La Risa Del Pueblo (Laughter of the People), 1939 by Alfredo Zalce (1908-2003)
La Risa Del Pueblo (Laughter of the People), 1939
by Alfredo Zalce (1908-2003), Mexico
15 15/16" h x 26 3/8" w, paper size
Alfredo Zalce’s poster La Risa del Pueblo takes on the aspect of a political cartoon. By juxtaposing text and image, the artist creates caricatures of contemporary political figures in order to denigrate them. Five figures—one a generic bandit and four labeled as Pablo González, Leon Ossorio, Iturbe, and Bolívar Sierra—are crowded into a gray car, the “automóvil gris.” They escape from a building they have raided, leaving a woman lying in the doorway.
The labeled caricatures would have resounded with the viewing public. During the revolution, Pablo González was involved in a network of thieves called the Banda del Automóvil Gris, who broke into homes by wearing police uniforms and showing fake search warrants. González was also a politician, and in 1919 he made a bid for the presidential candidacy. In order to change his image, he produced an extremely popular movie, El automóvil gris. This plan back fired, however, only cementing his reputation as a dishonest politician.
In the print, González sits at the front of the automóvil gris, with the late-1930s politicians Ossorio, Iturbe, and Sierra behind him. By including the anachronistic figure of González, Zalce indicts these contemporary politicians as corrupt. The three were part of the Comite de Salvación Pública, a vehemently anticommunist and anti-Cárdenas group, and thus were opposed to the political ideologies of the Taller de Grafica Popular (TGP). Zalce has exaggerated their features to make them easily identifiable to the Mexican public. The stolen scroll tucked under González’s arm, labeled as articles 123 and 127 of the 1917 Mexican constitution, also refers to the dishonesty of these politicians. The theft of these articles, which preserved the right to strike and prevented government officials from increasing their own salaries while in office, highlights the threat posed by these politicians.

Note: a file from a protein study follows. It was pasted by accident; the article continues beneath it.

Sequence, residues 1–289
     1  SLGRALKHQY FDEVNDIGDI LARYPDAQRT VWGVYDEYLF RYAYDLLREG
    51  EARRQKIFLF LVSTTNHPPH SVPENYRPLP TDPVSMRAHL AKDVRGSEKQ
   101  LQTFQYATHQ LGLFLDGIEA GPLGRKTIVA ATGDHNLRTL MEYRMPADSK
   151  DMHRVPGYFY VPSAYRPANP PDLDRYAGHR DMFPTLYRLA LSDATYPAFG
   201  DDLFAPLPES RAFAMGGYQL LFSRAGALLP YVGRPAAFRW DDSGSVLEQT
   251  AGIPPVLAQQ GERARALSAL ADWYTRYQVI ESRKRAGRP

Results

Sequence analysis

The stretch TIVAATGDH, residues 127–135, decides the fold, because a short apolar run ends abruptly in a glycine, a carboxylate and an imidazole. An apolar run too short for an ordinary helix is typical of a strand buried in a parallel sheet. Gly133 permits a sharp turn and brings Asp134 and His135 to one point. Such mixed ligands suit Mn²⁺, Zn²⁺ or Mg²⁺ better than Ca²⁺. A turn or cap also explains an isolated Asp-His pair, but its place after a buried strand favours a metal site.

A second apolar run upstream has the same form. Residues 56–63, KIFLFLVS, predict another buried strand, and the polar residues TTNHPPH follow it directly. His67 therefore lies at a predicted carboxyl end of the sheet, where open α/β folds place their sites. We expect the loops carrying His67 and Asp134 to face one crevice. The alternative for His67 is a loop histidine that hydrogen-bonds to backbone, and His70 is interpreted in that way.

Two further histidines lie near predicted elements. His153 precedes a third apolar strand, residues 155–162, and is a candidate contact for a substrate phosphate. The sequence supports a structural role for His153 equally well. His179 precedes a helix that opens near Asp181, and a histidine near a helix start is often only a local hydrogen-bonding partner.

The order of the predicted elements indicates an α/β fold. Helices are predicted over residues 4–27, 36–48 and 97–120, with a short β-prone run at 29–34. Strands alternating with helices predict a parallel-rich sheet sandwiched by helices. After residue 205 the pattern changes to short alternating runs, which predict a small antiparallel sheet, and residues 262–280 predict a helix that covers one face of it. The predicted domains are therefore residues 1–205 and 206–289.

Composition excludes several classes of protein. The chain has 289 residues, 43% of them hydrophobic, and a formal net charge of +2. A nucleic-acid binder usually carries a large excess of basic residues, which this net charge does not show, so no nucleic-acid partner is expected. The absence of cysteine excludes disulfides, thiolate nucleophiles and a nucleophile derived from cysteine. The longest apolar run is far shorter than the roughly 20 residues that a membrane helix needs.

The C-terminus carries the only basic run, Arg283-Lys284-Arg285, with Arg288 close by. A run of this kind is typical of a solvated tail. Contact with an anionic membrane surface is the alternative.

At the bottom left, a poem further condemns the clown like characters of the automóvil gris, denouncing the group as “not revolutionaries, nor even Mexicans.” Through this distinctive, morbid comedy, Zalce has created a recognizable propagandistic image and a defense of President Cárdenas’s politics.
Alfredo Zalce was born in Patzcuaro, in the state of Michoacan, on January 12, 1908. During his early years he became friends with Mexico’s older great artists, including Rivera, Tamayo, Siquieros, Orozco, and Kahlo. He founded art schools and organizations which still function and are of current importance. When the President of Mexico last visited the Vatican, the one gift from Mexico chosen as a gift to the Pope was a small painting of a Mexican village painted by Maestro Alfredo Zalce.
Unlike other artists, Zalce has spent an entire lifetime avoiding fame and fortune. He simply wants to paint. His artistic versatility is partially demonstrated by his total mastery in producing art with oil, acrylic, batik, pencil, watercolor, engraving, serigraph, bronze, stone, ink, pastel, ceramic, monotype, and on and on. His art has been exhibited in every country of the free world, and his numerous gigantic murals and statues represent a vital part of Mexican history.